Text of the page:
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In This Issue

Author: Author Unknown Issue: November 1995 Topics: Shopping

The theme for the November issue is "Shopping in Tsukuba", though, of course, other topics will be aired as well. Newcomers to Tsukuba often comment on the large number of stores in Tsukuba, but "old-timers" can remember the day not so long ago when the lack of shopping was one of the big drawbacks of the newly founded Science City. As little as a dozen years ago, there were no large stores and few stores of any kind. For several years in the "old days" (prior to Expo '85), the only "shopping center" was the Takezono Shopping Center, with its small grocery store and a few shops. Next to come in was the Kasumi Store in Takezono in the early 1980's, but it was only with the rush of development just prior to Expo'85 that stores such as Daiei and the Creo complex of Jusco and Seibu came into being. Prior to that, the nearest department stores were the Seiyu and Itoyokado stores near Tsuchiura Station. In fact, on Saturdays and Sundays, the common scenario of cars lined up in downtown Tsukuba trying to get into the stores was reversed, with Tsukubaites flocking in their cars over to Tsuchiura to try to find a spot in their miniscule parking lots.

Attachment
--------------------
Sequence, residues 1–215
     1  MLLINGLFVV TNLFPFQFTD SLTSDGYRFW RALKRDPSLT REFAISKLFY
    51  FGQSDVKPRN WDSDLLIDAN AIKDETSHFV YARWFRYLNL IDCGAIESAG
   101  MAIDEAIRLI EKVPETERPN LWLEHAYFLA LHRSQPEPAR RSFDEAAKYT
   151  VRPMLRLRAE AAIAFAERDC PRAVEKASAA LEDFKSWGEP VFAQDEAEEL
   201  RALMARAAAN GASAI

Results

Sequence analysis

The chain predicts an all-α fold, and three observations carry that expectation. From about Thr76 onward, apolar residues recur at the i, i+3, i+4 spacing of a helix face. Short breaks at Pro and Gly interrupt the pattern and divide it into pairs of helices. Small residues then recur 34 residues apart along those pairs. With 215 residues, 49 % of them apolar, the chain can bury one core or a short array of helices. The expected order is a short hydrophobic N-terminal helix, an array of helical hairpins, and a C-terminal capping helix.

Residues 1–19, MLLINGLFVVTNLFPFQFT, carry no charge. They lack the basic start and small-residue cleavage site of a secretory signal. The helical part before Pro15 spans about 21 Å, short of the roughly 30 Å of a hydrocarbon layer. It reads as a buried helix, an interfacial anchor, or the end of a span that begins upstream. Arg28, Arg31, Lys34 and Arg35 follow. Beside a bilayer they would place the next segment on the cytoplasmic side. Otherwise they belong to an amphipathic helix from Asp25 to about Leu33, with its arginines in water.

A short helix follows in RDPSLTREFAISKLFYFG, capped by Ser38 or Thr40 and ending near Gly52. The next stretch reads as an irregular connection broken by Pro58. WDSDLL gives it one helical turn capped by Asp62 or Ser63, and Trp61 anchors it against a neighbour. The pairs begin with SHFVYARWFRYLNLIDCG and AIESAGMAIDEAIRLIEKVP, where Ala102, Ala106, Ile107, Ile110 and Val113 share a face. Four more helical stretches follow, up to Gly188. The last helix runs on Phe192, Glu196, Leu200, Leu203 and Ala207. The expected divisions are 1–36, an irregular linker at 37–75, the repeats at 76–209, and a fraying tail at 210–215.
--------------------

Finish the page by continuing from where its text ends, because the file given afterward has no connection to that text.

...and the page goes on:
Times have certainly changed, as Tsukuba has become a mecca for shoppers in the southern Ibaraki area. It seems that a new store is opening practically every month, with the new "ASSE" store in Yatabe being the newest addition. Tsukuba even has its own "mini Akihabara" (the famous "electric town" in Tokyo), with several electronics stores competing with each other to keep prices "low" (a relative term in Japan). Already, the lines of cars waiting to turn into Ishimaru or Kojima Denki along with the traffic jams around Daiei and Seibu -- especially on weekends -- makes the wide, unclogged streets Tsukuba used to be famous for a thing of the past. Ah, "the price of progress."

<< Ibaraki International Association Serves Community | Master Index | Being a Smart Shopper >>

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Funded by the Tsukuba Expo'85 Memorial Foundation, Printed by Isebu